An indicator is a measure that describes a condition. They are numbers, percents, fractions, or rates used to paint a picture of a specific outcome or situation. Examples of child well-being indicators include:
- number of children in single parent families
- percent of children living in poverty
- high school graduation rate
- infant mortality rate
By collecting data from relevant sources, these indicators can be measured, reported, and used to inform thinking about what children need to thrive. Indicators are effective communication tools when discussing policies and programs.
School readiness indicators measure outcomes based on the various dimensions and factors of school readiness.
Our indicators focus on young children from birth to the beginning of fourth grade, building on brain research and the knowledge base regarding child development from birth to age 3, the preschool years, and early elementary school. The task of our 17 states was to develop a set of child outcome and systems indicators for children from birth through the fourth-grade reading test. Reading ability at the end of third grade is a particularly important marker of the success of programs that support children in the early years and as children make the transition into school. Reading scores are an important red flag for children most at risk of poor outcomes over the long term, such as dropping out of school, teen pregnancy, and juvenile crime.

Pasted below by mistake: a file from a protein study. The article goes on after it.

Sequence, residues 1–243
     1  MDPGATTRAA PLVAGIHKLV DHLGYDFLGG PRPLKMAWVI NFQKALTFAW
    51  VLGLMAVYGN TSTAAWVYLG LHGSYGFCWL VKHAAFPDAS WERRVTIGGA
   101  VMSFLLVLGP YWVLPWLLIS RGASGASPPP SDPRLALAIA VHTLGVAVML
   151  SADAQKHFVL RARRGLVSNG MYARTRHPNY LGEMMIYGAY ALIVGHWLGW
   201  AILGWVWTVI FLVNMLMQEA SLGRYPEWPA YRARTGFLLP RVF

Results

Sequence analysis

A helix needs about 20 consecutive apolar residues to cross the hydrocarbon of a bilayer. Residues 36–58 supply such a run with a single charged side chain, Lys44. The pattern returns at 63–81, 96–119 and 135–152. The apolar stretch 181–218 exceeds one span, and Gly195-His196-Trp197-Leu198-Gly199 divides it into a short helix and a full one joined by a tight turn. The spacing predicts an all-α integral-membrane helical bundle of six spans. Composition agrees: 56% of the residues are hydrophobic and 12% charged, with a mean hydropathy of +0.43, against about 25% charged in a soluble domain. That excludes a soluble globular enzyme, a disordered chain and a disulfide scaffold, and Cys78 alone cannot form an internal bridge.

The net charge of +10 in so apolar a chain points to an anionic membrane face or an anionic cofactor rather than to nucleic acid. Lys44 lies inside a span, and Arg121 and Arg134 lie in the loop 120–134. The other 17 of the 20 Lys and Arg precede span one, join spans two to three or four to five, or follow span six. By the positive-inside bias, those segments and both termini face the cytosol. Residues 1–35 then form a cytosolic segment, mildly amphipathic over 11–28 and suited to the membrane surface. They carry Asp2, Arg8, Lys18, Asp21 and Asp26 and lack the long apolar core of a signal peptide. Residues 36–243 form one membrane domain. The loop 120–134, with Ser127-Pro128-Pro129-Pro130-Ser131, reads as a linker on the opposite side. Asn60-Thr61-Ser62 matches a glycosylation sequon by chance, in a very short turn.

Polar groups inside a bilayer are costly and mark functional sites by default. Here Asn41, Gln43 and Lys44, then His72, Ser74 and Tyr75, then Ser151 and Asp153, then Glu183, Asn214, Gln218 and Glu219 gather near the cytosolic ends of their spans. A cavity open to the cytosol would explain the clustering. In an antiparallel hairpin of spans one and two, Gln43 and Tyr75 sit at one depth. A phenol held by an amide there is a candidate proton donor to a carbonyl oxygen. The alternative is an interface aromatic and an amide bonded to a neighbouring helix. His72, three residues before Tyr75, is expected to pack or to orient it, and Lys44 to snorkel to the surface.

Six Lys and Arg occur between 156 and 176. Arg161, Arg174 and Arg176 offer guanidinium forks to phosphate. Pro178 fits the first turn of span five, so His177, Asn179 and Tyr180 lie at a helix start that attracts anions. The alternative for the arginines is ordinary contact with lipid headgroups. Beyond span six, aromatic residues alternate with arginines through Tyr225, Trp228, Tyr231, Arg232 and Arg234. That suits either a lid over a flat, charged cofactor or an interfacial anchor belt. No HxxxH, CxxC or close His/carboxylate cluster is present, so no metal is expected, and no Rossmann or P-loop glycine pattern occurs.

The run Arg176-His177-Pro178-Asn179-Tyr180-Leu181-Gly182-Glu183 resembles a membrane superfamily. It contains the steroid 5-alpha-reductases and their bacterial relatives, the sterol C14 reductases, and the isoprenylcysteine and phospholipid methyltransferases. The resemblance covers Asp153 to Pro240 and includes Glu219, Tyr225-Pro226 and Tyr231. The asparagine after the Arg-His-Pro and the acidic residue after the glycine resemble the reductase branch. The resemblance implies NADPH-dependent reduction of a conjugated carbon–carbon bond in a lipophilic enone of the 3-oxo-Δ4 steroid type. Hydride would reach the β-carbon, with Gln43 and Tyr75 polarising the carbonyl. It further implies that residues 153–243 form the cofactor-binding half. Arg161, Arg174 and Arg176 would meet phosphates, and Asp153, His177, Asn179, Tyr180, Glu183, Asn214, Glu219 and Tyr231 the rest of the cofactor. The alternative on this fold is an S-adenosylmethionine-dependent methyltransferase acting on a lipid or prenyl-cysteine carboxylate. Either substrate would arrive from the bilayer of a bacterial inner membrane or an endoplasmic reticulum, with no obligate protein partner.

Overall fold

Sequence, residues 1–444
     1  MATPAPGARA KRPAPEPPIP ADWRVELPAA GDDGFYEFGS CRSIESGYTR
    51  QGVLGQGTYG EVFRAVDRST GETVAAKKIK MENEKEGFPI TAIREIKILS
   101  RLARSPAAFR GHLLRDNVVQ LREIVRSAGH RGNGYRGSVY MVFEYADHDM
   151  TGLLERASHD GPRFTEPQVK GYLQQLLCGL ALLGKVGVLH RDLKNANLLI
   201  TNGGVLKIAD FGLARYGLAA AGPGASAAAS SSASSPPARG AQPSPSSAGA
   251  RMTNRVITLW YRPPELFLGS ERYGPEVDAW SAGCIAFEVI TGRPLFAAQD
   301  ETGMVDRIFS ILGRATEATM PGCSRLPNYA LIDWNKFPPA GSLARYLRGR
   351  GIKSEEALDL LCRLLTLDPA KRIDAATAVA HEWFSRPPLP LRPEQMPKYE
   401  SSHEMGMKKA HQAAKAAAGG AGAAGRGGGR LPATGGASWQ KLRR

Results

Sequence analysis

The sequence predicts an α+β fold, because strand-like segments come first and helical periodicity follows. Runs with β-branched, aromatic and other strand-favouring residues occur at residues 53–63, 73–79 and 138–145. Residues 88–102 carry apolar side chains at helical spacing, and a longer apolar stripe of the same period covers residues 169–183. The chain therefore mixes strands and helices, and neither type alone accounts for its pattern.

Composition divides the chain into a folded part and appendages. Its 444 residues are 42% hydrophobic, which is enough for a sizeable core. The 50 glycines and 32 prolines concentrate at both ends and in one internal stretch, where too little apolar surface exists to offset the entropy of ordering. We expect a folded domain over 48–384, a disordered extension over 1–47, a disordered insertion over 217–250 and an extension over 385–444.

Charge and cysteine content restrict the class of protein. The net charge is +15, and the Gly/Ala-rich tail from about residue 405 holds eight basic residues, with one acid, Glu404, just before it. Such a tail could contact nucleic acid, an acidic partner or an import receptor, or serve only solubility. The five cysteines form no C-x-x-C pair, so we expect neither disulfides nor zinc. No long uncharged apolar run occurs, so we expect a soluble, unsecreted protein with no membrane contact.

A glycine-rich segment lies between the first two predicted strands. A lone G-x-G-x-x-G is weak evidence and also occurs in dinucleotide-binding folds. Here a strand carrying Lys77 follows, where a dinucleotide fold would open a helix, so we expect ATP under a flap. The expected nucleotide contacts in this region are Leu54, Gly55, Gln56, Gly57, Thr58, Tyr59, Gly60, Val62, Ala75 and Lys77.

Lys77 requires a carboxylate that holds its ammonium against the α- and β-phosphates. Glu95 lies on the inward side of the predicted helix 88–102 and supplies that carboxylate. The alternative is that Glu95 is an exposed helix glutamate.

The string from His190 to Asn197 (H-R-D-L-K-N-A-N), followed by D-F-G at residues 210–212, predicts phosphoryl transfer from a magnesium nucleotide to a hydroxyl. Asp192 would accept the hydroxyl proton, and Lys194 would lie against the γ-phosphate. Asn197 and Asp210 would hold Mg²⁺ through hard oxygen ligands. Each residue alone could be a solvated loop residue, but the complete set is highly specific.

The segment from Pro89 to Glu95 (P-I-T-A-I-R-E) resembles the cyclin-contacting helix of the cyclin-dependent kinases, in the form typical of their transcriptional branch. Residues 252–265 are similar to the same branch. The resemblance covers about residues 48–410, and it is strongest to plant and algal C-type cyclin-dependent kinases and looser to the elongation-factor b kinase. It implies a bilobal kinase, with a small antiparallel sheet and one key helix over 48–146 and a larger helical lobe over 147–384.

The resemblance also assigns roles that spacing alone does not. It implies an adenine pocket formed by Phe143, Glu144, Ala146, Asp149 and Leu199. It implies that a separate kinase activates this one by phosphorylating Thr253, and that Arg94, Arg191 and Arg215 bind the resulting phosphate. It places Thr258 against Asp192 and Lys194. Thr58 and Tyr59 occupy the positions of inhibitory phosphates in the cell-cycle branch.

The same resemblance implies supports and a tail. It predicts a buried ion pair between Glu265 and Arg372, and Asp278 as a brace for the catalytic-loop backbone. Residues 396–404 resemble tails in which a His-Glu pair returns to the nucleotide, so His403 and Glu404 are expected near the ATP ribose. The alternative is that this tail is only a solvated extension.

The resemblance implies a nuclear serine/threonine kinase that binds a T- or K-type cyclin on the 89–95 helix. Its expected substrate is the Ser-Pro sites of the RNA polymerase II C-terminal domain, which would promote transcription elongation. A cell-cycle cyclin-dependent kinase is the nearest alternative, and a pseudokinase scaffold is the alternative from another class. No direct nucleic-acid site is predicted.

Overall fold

Our indicators reflect state investments in programs and policies for young children and families as well as child outcomes. The indicators are broad enough to present a picture of the whole child, including children's health status, what children know and can do, children's mental and emotional health, and economic well-being. Indicators are developed to fill the gap in knowledge between the child's status at birth and their status at school entry. Attention is paid to identifying indicators that reflect family and community assets as well as the more traditional indicators reflecting child outcomes and system capacity.
Our indicators include child outcomes as well as systems outcomes. Child outcomes include indicators that monitor the physical, social, emotional, and cognitive development of children ages birth to age ten. Systems outcomes include indicators to monitor the services and supports available to young children and their families.
More work needs to be done to broaden the set of indicators to encompass the full range of issues that brain development research tells us are critical to the success of our most disadvantaged young children. There is a clear gap in indicators available to measure child well-being between birth and school entry. As indicators are developed more attention is needed to indicators that reflect family and community assets and the capacity of the service system to provide support to young children and their families.